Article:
User: Password:
|
|
Subscribe / Log in / New account

Security quotes of the week

Security quotes of the week

Posted Sep 2, 2012 20:37 UTC (Sun) by nix (subscriber, #2304)
In reply to: Security quotes of the week by jezuch
Parent article: Security quotes of the week

What's more bizarre yet is that when 'bullying laws' have been passed, they have proved entirely ineffective. Bullying normally happens out of sight of adults and enforcers, and it is often in the interest of the victim not to report it (since the bullies will then make his life even more hellish). Bringing the lawhammer down on children is also considered bad unless in extreme cases, e.g. those resulting in death: we don't have enough antibullying enforcement as it is, and adding the full force of the law is going to make people much more hesitant to move against it, if it now means bringing the law on children.

All these reasons apply just as much to 'cyberbullying' (which is a seriously stupid name: do we call bullying over the telephone 'telebullying'? No, we call it bullying). So explicit laws for it would be useless.

-- N., permanently traumatized by bullies but still thinks laws against bullying are certain to be useless, or worse than useless


(Log in to post comments)

Security quotes of the week

Posted Sep 3, 2012 23:24 UTC (Mon) by smitty_one_each (subscriber, #28989) [Link]

>they have proved entirely ineffective

Oh ho ho ho, they only appear ineffective if taken at face value. The true goals of
(a) bloating staff,
(b) extending authority, and
(c) silencing dissent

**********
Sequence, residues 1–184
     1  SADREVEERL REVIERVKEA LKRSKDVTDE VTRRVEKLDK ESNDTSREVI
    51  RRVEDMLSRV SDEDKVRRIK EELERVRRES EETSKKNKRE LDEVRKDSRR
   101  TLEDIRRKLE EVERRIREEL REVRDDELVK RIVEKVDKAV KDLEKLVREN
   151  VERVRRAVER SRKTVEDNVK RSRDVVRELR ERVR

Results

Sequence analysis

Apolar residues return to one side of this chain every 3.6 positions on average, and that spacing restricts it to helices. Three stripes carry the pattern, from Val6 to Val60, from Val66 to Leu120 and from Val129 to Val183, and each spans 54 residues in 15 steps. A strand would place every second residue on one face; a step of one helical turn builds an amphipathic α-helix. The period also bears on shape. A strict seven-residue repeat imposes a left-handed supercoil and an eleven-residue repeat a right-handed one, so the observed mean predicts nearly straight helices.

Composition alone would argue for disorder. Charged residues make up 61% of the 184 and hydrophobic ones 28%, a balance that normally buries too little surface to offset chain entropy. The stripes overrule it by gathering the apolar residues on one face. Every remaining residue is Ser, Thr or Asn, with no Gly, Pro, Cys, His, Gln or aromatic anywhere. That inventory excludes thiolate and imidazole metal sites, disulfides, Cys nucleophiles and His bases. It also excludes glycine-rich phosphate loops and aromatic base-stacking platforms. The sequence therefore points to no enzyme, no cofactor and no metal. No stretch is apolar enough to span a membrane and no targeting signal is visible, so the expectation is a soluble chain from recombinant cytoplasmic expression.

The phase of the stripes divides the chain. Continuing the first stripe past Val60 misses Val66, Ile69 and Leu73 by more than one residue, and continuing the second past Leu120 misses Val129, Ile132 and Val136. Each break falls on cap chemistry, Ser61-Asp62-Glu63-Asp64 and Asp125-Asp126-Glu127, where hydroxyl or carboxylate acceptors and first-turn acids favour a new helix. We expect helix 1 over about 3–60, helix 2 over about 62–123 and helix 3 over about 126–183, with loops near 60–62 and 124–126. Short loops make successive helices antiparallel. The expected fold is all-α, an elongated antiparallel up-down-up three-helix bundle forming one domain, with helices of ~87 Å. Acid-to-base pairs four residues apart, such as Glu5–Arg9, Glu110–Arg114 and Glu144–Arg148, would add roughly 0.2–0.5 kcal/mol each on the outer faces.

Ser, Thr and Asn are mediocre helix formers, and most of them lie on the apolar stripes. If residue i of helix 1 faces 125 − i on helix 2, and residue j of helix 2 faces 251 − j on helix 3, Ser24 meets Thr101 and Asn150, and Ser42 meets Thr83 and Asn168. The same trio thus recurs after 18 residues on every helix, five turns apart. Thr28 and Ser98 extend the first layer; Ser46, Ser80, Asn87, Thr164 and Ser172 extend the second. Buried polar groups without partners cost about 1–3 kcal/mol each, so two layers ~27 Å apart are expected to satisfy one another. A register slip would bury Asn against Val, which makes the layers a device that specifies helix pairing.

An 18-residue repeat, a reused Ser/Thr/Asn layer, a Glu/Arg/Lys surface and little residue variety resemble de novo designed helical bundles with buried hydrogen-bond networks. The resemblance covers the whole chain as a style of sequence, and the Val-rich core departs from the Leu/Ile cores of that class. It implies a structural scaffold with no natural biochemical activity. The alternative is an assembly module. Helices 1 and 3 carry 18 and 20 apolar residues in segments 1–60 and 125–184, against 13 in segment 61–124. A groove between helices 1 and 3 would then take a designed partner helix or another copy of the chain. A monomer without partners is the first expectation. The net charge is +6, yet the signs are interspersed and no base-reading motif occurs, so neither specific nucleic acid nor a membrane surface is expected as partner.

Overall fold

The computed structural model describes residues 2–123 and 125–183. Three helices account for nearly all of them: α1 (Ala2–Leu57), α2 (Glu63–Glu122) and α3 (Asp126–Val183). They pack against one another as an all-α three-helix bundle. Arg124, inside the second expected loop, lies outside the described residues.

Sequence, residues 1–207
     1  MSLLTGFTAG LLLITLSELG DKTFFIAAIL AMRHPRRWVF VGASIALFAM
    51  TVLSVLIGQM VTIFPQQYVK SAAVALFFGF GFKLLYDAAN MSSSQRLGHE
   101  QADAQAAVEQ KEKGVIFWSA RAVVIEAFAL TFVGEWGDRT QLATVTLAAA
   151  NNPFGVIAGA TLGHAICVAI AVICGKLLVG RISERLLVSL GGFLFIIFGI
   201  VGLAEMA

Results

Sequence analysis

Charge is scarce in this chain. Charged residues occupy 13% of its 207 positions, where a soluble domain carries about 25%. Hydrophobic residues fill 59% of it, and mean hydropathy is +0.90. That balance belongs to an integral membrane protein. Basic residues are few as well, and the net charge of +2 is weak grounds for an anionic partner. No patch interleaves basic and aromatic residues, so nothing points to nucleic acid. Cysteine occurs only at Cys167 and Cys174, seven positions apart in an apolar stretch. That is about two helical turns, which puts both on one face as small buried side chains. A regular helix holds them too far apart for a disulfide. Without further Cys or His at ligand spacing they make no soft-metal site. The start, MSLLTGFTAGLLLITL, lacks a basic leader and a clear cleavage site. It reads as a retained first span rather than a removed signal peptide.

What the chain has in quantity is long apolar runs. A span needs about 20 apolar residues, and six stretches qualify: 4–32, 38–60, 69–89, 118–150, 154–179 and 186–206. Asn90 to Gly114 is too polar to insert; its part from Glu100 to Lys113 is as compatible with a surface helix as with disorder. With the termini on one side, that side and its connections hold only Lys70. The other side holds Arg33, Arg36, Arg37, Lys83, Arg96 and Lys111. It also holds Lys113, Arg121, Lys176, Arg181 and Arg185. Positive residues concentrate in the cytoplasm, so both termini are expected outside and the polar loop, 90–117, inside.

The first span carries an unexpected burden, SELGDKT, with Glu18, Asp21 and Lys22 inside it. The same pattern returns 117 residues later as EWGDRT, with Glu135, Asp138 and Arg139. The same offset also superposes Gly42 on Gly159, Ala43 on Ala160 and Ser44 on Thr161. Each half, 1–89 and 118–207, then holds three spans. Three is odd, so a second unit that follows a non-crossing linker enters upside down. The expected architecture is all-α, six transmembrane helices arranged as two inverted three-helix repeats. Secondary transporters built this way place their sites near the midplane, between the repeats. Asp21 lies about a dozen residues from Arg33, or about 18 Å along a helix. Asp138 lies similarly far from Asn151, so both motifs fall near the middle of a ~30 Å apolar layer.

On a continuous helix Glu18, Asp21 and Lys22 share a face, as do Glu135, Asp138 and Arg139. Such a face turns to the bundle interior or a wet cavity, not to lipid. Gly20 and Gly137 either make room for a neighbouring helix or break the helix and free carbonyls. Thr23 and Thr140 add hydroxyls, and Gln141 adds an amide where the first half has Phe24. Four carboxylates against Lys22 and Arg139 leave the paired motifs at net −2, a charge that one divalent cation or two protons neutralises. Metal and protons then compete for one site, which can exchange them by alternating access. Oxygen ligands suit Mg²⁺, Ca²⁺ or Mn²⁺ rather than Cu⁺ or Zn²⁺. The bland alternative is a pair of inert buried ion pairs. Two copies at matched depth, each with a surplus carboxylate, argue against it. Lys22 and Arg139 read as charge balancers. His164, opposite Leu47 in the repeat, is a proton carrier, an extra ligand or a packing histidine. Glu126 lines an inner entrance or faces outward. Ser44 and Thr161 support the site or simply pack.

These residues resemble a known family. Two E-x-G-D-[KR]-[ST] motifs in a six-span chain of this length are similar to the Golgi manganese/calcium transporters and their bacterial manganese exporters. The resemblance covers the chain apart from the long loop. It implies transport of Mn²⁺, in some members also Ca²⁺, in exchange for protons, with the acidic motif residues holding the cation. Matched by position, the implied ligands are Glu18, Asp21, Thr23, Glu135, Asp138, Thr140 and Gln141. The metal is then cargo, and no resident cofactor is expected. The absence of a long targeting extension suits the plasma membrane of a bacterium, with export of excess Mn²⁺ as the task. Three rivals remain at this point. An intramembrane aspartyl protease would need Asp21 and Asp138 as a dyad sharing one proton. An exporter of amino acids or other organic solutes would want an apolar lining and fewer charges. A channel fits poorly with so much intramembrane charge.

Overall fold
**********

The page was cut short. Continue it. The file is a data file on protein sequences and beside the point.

are happily met by these cyber-bullying rules.
You apparently have missed the point that people must be infantilized in order to accommodate The Future.

Security quotes of the week

Posted Sep 4, 2012 14:16 UTC (Tue) by viro (subscriber, #7872) [Link]

Ah, the naivety of young conspiracy theorists... *sniff*

You've missed the most important reason - being seen Doing Something About The Problem(tm). _That_ affects things immediately. The really important ones - odds of getting re-elected[1]. Granted, not by much, but what does it cost?

As for making the populace more infantile, what timescale would that be on? Decades? Not even on the radar. Do you seriously buy into the notion of politicians capable of making decades-long plans and sticking to them?

[1] and before gvy starts bemoaning the Inherent Evils of Democracy and suggesting everyone to learn Russian, s/re-elected/picked for promotion by higher-level management/; slightly different target audience, but mechanism is the same.

Security quotes of the week

Posted Sep 4, 2012 18:40 UTC (Tue) by smitty_one_each (subscriber, #28989) [Link]

I submit that you are arguing the tactics of bureaucratic behavior, while I'm arguing the strategy.

Security quotes of the week

Posted Sep 5, 2012 23:29 UTC (Wed) by nix (subscriber, #2304) [Link]

s/Russian/English/, as a permanent civil service is just as effective at this sort of thing (though an appointed one is even worse for other reasons).

Obviously what is really needed here is for smitty_one_each to sit down with _Yes, Minister_ and watch it (again, one hopes). A nice dose of cynicism will soon help.

(I just assumed the 'we must do something. this is something. therefore we must do it' part of things. That's what drives almost *all* panicked political action, so there's little need to mention it: the important thing is why they picked this 'something' over another one.)

Security quotes of the week

Posted Sep 7, 2012 1:06 UTC (Fri) by smitty_one_each (subscriber, #28989) [Link]

Great series!


Copyright © 2017, Eklektix, Inc.
Comments and public postings are copyrighted by their creators.
Linux is a registered trademark of Linus Torvalds